Dear Bankruptcy Adviser,
My friend’s husband (really, not mine) has his own business (in construction) and when it got in trouble he had his married kids take out credit cards and use them to keep the business afloat. We’re talking $80,000 on kids’ cards. Now the kids want the money back, and my friend and husband are thinking of increasing the limits on their own cards to pay off the kids’ cards, and then possibly filing bankruptcy. Any problem with this?


Lynette


Dear Lynette,
There are many problems with the scenario you have just described. In the eyes of the law, your friend’s husband (let’s call him, “Frank”), is trying to protect one set of creditors (his kids) to the detriment of other creditors (the credit card companies). Frank would be intentionally committing bankruptcy fraud because he is trying to incur debt on credit cards with absolutely no intention of paying that debt back.

The timing of his conduct will be crucial. Simply increasing the limits on his current credit cards so that he can transfer balances may seem like a reasonable decision. However, I hope, the creditors will not approve his application to increase the credit limits.

It is very unlikely that the credit card companies would knowingly approve limit increases if they knew about his failed business. Unless he states he has income that does not exist, then he should not receive any additional credit. His business has just failed; therefore, his income will be limited or nonexistent. The only way he can obtain credit increases is by lying on his application. It is hoped the credit card companies will greatly scrutinize any subsequent bankruptcy filing to see whether he lied on the credit card application.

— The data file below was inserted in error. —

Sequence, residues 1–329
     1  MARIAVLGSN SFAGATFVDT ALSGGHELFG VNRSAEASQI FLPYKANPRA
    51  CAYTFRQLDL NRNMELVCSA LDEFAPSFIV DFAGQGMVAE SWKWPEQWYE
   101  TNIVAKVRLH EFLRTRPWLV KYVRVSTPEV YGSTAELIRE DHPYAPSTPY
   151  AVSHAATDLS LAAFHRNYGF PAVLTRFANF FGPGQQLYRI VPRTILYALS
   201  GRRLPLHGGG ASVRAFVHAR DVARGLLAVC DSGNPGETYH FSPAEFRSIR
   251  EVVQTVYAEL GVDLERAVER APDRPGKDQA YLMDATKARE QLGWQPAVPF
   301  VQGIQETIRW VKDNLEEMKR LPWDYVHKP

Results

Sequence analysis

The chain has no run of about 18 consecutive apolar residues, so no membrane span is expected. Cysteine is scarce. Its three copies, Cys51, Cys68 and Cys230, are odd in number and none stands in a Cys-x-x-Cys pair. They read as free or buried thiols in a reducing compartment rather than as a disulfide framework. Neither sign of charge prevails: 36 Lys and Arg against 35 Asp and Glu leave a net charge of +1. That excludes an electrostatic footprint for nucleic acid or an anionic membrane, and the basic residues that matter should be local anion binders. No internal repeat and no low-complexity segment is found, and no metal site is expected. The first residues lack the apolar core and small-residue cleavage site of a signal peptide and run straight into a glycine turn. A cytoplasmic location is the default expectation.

If he tries to file bankruptcy, he will face two and possibly three hurdles. One, the creditors may scrutinize his petition and try to claim that he unreasonably incurred debt without the intention to repay. Two, each case has a U.S. Trustee assigned. That trustee looks for bankruptcy abuse, and incurring $80,000 of new debt before filing bankruptcy smells of abuse. Third, cases are randomly audited for the purpose of catching abusive filings. The end result could be that he will not be able to discharge any of the debts incurred.

I believe it is one of the most deplorable, irresponsible — and I will say it, pathetic — acts Frank committed. It is even more pathetic that he is trying to stick credit card lenders with the bill. Yes, businesses fail. But there is no excuse to risk his kids’ future because his idea did not work. And even less of an excuse to try and stick creditors with those losses.

I understand a parent helping out a child by adding him or her onto a credit card as an authorized user in order to try to help the child establish credit. A parent often will put a child’s name and Social Security number onto a credit card to let the child piggyback on the parent’s good credit. This is risky, but if the credit card has a low credit limit then the child, it is hoped, will not be at too much risk.

However, this is not what Frank did. He used his children’s credit to start up his business and now his children on are the hook for the failed business. Frank should be on the hook, as well. Eliminating his debt will only fuel the fire for all those opposed to bankruptcy protection in the first place.

Justin Harelik is a practicing attorney in Los Angeles. To ask a question of the Bankruptcy Adviser go to the ”
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